The language, images, and metaphors we use to interpret and frame our spiritual experiences are extremely important. They can push us to greater depth or they can subtly pull us away from certain types of realization and experience. Our frames, especially our spiritual ones, can start to form a deep bias in our minds. As a consequence, there are enormous implications to the frames we placed around spirituality.
So if you think this is all just some word play or heady spiritual talk, here’s a concrete example of how the Lightworker/Luminous Darkness plays out in terms of ethnicity and racial prejudice in the contemporary spiritual scene.
Lightworkers tend to be too addicted to the subtle, heavenly world of Light–chakras, meridians, auras, colors, etc. Those realities have their place and are important but they aren’t more important than the causal luminous darkness–which in turns isn’t more important than the waking-world, material day to day world. Each plays its role and supplements the other.
But because there is an overemphasis on understanding Light in its subtle form, we see a real bias towards light-haired (usually blonde) white woman in the yoga and spiritual communities nowadays. (There are also plenty of social and historical factors at play involved here, in terms of white privilege and power–I don’t want to discount those. But there is also a spiritual reason for this occurrence). I see so many white, often blonde woman, called radiant goddesses on Facebook. I much more rarely see a really very dark-skinned black or brown women called a radiant goddess. If we forget the beauty of the light in the darkness and the luminous nature of the darkness itself, this is what happens. For the record, I have nothing against beautiful white yoga women–I just don’t believe they constitute the radiant goddess norm.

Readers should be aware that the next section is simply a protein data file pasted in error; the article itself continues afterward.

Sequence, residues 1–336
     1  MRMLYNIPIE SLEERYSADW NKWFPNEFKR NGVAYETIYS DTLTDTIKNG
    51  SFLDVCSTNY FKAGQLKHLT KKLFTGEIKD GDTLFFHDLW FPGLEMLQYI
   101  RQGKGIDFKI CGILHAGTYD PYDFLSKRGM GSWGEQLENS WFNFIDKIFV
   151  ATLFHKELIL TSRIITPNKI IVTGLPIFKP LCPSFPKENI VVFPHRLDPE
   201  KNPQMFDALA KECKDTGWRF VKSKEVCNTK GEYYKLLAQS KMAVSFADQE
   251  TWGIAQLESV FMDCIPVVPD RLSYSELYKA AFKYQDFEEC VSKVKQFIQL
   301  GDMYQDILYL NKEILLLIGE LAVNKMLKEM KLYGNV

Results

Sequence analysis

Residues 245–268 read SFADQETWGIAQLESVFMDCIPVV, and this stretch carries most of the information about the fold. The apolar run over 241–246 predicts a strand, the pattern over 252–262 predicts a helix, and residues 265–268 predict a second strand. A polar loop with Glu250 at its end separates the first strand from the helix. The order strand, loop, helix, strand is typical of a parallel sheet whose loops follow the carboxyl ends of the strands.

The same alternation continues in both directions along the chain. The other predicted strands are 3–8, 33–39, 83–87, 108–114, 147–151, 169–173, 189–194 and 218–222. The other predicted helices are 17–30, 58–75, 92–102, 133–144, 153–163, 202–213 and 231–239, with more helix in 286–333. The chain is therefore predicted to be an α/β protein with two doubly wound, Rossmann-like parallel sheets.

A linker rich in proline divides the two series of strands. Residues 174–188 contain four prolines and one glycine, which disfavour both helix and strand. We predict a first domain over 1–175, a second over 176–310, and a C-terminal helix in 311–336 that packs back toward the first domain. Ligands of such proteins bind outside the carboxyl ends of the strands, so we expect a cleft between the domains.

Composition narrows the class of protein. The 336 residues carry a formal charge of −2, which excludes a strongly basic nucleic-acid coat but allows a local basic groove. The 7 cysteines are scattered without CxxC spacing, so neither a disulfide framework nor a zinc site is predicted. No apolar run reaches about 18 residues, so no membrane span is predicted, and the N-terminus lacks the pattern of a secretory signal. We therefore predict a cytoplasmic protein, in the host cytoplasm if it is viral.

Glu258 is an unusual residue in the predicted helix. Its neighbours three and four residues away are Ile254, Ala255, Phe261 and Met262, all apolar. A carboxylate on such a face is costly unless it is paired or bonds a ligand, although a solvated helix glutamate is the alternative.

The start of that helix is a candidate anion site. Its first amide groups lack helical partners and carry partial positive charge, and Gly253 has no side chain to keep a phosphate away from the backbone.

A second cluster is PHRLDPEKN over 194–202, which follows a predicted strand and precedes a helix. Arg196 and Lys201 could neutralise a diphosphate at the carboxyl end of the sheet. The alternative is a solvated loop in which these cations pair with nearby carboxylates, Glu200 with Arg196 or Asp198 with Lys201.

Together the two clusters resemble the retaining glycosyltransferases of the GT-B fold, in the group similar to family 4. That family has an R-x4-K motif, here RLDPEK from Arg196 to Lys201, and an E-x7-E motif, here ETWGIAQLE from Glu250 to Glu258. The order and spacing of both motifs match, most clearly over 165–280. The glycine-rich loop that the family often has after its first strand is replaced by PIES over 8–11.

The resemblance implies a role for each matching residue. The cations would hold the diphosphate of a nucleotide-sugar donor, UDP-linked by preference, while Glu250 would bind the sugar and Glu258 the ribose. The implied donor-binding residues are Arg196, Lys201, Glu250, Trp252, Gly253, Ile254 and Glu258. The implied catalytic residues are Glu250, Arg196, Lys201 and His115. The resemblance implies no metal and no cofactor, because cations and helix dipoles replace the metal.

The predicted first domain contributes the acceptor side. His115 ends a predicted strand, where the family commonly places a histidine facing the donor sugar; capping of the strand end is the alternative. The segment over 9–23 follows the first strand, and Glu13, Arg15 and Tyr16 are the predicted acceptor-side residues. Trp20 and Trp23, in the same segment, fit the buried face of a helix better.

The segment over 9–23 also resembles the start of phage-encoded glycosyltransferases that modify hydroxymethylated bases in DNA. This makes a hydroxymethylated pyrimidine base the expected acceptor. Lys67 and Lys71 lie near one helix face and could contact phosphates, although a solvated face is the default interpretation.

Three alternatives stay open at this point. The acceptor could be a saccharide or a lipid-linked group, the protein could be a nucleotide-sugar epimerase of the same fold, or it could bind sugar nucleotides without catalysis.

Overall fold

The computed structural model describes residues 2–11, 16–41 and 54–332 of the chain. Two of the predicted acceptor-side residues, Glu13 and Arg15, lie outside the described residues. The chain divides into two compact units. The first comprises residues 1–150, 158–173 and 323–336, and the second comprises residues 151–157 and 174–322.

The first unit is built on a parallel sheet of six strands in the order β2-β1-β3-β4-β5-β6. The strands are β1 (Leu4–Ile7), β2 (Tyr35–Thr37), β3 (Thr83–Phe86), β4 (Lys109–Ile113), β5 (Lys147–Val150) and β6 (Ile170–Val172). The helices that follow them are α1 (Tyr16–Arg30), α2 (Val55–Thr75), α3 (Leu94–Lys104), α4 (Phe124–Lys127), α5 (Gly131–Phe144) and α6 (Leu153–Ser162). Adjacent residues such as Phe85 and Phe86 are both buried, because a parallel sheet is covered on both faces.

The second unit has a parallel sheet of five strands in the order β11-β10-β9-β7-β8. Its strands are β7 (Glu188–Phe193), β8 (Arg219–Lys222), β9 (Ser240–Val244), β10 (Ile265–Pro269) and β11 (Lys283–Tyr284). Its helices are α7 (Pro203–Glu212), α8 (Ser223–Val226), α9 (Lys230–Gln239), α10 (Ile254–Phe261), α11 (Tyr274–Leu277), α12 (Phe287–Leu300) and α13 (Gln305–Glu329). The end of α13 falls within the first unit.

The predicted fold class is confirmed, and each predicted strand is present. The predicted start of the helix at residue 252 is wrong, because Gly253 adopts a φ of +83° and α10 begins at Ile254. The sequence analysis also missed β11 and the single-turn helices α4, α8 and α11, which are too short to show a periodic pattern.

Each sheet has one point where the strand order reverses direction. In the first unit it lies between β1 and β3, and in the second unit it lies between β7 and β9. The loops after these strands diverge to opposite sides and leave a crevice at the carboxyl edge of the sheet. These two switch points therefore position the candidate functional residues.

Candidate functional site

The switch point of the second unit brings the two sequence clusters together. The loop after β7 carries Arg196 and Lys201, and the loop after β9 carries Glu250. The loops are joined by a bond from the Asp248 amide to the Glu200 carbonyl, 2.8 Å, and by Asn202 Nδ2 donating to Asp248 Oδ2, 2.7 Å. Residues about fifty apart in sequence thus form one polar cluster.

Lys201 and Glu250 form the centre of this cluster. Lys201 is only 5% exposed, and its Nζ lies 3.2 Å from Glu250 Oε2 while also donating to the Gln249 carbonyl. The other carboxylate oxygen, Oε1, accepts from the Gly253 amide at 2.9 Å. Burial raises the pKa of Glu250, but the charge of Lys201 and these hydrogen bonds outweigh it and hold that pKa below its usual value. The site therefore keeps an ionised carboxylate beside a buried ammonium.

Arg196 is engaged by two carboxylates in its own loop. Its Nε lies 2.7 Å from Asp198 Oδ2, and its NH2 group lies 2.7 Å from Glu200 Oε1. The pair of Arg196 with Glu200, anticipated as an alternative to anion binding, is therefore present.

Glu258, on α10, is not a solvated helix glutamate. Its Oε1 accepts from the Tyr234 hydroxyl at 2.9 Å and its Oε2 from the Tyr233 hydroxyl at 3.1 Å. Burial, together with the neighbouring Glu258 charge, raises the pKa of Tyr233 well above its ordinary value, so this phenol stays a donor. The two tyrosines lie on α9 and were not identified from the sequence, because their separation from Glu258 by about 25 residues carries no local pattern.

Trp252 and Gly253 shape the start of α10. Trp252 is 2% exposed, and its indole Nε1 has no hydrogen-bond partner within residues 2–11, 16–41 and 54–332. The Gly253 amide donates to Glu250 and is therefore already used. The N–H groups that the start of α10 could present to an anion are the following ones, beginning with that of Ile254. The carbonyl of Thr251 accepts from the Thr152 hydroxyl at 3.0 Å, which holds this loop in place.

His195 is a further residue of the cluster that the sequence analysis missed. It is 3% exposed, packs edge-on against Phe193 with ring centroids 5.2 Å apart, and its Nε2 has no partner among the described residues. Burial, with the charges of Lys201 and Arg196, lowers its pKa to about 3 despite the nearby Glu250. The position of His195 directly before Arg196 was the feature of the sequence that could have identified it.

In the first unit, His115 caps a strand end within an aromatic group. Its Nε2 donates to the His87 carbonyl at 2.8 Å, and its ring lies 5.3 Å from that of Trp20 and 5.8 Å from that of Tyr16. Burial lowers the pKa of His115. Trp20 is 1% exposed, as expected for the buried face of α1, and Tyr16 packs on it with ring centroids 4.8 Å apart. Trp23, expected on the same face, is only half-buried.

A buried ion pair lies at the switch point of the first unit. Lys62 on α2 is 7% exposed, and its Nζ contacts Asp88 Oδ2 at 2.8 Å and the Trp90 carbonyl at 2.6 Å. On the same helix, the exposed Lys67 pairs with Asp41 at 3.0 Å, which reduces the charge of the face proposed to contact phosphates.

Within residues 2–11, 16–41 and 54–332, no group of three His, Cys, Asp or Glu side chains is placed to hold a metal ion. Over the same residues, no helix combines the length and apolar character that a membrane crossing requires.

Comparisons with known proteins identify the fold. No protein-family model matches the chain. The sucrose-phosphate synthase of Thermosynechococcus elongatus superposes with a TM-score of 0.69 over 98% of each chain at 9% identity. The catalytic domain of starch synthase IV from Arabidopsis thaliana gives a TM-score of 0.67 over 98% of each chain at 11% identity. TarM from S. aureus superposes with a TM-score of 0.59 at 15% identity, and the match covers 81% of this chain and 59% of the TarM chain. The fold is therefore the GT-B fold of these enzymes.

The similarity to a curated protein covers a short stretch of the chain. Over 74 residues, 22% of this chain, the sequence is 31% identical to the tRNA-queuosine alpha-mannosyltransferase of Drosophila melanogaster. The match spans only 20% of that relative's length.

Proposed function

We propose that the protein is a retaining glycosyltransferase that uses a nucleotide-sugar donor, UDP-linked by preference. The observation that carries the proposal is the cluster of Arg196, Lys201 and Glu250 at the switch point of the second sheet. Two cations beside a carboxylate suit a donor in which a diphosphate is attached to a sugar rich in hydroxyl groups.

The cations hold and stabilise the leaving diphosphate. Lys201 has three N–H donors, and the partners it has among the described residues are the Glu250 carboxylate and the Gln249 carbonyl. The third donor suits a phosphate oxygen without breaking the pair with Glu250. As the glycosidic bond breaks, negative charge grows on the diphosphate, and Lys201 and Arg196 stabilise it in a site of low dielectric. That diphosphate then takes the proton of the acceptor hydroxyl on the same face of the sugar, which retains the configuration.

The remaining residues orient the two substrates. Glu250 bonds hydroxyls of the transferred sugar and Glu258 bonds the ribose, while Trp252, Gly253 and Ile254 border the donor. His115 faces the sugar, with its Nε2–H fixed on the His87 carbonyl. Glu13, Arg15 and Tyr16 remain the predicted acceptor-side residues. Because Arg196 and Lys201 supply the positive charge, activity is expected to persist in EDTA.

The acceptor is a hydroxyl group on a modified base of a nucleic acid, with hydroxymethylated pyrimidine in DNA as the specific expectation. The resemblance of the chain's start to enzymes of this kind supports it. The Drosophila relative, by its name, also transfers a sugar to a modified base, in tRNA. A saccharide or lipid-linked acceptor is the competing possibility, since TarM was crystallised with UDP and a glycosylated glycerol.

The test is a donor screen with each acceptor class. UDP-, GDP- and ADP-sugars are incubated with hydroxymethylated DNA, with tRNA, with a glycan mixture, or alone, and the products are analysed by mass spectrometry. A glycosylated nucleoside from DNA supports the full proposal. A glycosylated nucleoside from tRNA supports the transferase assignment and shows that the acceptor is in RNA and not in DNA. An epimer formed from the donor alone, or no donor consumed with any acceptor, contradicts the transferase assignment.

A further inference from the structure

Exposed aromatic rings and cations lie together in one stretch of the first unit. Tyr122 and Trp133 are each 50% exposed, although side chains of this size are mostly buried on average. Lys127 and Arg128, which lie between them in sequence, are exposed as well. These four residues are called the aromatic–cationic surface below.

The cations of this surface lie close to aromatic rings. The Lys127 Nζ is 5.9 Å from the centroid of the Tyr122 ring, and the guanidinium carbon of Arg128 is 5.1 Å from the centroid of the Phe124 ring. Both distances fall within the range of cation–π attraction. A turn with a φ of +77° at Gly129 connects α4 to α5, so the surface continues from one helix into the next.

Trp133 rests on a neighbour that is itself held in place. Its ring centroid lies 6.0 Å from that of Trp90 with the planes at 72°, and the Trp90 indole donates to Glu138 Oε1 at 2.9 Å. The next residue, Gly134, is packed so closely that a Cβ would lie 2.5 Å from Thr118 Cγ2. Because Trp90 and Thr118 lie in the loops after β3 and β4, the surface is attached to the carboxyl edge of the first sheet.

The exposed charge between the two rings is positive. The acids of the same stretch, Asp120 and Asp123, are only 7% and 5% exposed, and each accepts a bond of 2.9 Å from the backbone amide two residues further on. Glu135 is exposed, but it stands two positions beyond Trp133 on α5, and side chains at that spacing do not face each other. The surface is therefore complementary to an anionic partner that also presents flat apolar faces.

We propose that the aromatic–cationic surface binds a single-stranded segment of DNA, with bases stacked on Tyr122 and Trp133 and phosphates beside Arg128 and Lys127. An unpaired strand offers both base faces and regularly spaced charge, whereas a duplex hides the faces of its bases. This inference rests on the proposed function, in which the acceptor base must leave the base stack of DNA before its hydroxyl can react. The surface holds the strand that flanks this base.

That is just one example, but it points to the reason why I would rather be called a Darkwalker than a Lightworker. If we become overly fascinated with the subtle lights of the heavens, we forget the light trapped in the shadows and we forget there is a realm beyond the subtle, light-filled heaven, a luminous darkness, a Ground of All Being, from which everything comes into existence. Those deserve our time, attention, and love at least as much as the subtle lights (if not in our day more so).
I encourage you (wisely) to walk in the darkness. Walk into the Infinite Abyss of Love, the realm of Luminous Causative Darkness. Try also, when you feel ready, to gently walk with Love into the realm of our personal darknesses–our shadows. There is light to be found there as well.